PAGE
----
Steve is a picky reader, especially when it comes to internal consistency. When he has trouble with the logic of a particular scene, I listen very carefully. I don't want to become that author who writes about characters that do stupid things because it serves the plot. I especially don't want to become that author with implausible happenings, ridiculous solutions and character motivations that make absolutely no sense. He is also our only man. I hope he doesn't start to suffer from estrogen poisoning at our meetings, because I really need that testosterone perspective, particularly since lately I've been writing male pov characters.
Carole is my eye-roller reader. She doesn't technically 'do' fantasy, or to look at it another way, she prefers dark fantasy and magic realism. She's my oh puke reader, and if I'm not making her puke there's a very good chance my writing could reach mainstream readers. She's also a detail reader. She's done so many jobs and been enough different places that she has tons of facts packed into her head, while having the valuable skill of being able to discriminate between what I mean versus what a reader who is unfamiliar with said item will hear. For example, it never occurred to me that a reader would think that even the leaves on a bougainvillea vine would be red when I'm talking about papery carmine bougainvillea vines. Not only did I assume everyone had seen them but I also looked like an idiot if someone had seen them (like CS) and thought I hadn't and had mis-described them from ignorance. BTW, Carole, I have a baker character in the next book. I'm looking forward to your impression of him and his workspace.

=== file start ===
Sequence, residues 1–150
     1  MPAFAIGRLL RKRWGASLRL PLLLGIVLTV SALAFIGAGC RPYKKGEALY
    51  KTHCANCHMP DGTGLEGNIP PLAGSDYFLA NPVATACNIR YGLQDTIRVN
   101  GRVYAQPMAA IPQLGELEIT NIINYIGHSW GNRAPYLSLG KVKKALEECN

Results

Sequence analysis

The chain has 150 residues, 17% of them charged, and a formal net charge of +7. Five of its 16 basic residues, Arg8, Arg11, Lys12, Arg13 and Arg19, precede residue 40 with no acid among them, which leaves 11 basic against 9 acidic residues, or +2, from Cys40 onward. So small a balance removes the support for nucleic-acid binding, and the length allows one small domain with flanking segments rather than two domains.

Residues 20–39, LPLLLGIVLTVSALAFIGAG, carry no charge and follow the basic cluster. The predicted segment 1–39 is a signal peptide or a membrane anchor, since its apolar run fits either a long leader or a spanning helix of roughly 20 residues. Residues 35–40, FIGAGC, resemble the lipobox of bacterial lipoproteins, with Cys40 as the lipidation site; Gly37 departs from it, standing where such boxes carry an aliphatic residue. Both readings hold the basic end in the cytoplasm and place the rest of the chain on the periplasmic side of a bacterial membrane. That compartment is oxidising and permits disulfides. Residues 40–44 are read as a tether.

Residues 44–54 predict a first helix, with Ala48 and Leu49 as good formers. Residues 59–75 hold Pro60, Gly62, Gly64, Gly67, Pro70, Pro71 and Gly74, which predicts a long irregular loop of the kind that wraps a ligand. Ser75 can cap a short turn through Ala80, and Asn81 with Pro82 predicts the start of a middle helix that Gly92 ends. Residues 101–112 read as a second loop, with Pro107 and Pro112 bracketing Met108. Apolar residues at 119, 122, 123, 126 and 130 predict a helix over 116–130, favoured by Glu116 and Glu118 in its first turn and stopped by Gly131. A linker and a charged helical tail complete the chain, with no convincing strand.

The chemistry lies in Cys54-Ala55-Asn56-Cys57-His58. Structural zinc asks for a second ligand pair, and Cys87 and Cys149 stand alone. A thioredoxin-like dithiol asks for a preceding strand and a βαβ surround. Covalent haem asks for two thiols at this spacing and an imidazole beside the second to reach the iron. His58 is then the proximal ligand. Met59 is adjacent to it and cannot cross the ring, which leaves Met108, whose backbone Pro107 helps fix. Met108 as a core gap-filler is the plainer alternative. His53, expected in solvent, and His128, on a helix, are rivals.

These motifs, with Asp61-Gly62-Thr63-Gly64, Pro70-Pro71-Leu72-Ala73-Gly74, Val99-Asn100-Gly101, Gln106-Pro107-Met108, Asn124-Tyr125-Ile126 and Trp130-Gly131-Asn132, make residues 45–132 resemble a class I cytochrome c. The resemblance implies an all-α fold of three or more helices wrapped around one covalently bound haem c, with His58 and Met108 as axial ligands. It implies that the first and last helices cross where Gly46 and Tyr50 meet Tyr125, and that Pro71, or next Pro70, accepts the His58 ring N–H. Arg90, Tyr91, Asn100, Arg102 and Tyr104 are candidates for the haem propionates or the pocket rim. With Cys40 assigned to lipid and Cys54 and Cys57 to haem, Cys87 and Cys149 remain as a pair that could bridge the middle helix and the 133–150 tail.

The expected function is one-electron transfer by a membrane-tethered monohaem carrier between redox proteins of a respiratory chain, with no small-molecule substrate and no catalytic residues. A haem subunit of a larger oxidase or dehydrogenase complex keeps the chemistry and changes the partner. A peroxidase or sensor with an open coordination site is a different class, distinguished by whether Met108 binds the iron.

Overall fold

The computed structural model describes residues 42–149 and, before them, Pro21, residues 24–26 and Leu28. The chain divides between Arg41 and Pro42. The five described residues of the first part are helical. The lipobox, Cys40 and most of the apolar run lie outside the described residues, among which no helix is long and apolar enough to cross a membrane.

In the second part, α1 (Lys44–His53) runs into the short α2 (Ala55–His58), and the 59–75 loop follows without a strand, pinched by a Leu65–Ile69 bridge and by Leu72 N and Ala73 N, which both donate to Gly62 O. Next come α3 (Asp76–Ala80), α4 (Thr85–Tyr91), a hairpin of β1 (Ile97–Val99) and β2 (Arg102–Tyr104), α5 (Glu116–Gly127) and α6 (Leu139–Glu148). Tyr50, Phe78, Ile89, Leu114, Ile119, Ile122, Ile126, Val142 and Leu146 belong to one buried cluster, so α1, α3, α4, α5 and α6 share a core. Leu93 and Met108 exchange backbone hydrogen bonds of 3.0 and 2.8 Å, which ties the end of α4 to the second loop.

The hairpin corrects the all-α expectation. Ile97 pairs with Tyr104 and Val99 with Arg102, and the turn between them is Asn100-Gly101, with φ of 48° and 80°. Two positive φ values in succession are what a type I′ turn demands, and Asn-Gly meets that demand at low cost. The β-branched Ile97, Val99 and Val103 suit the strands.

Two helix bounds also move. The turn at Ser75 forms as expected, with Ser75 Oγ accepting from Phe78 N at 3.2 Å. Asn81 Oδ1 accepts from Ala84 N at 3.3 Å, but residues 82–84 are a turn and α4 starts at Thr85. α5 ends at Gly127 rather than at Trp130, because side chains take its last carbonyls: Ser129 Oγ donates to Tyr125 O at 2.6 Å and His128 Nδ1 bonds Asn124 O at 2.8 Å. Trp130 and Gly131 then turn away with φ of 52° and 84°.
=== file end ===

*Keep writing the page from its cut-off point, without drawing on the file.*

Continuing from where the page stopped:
Carissa is my form and function reader. If it has no function, she suggests eliminating it. If the form is flawed, she catches it. She also helps with things like details and character motivations, but where she really shines as a reader is as a surrogate editor. She has read so much fantasy (and continues to read fantasy regularly) that she'll catch it if I'm falling into cliche'. She also gets impatient with my writing in many of the same ways that editors get impatient with writing. Their time is valuable. As a rule they don't like excess wordage, extraneous scenes, scenes that go on too long, characters that have no purpose, expository lumps, etc. No matter how carefully I disguise them (even from myself) Carissa catches them. If a description passes muster with her, I'm confident that it'll pass muster with darned near anyone.
I had a really good critique, as always, on Masks with INK this last meeting. I learned that I'd butchered what probably had been a perfectly fine fight scene before I 'streamlined' (read, took out too much for anyone to follow the action) it, that I'd turned my intelligent character into an unsympathetic hormonal mess, that I'd removed too much calculation in a character's reasoning and turned a dark scene into a mini-buddy movie that lacked chemistry, and many other things. I also got some great brain-storming ideas that will have repercussions across two, maybe all three of the trilogy that Masks begins.
I sometimes worry that you think you're playing second hat to the Lucky Labs (who I'm also very, very grateful to,) so here's my note of appreciation and reassurance. You're great readers, and you are all so definitely going to be in the acknowledgements. Without my readers, I'd be a much less effective writer, no doubt about it. You also have the horrible job of checking every blessed little tiny scrap of crap I write. From my bios and cover letters to synopses and outlines, nothing goes out without an INK okay. You also listen to my endless yammering on WIPs and bleeding characters and plotlines. We've become more than a critique group. We're a team, a business venture, and I'm very glad to be a part of you. Thanks, INK! You're the best.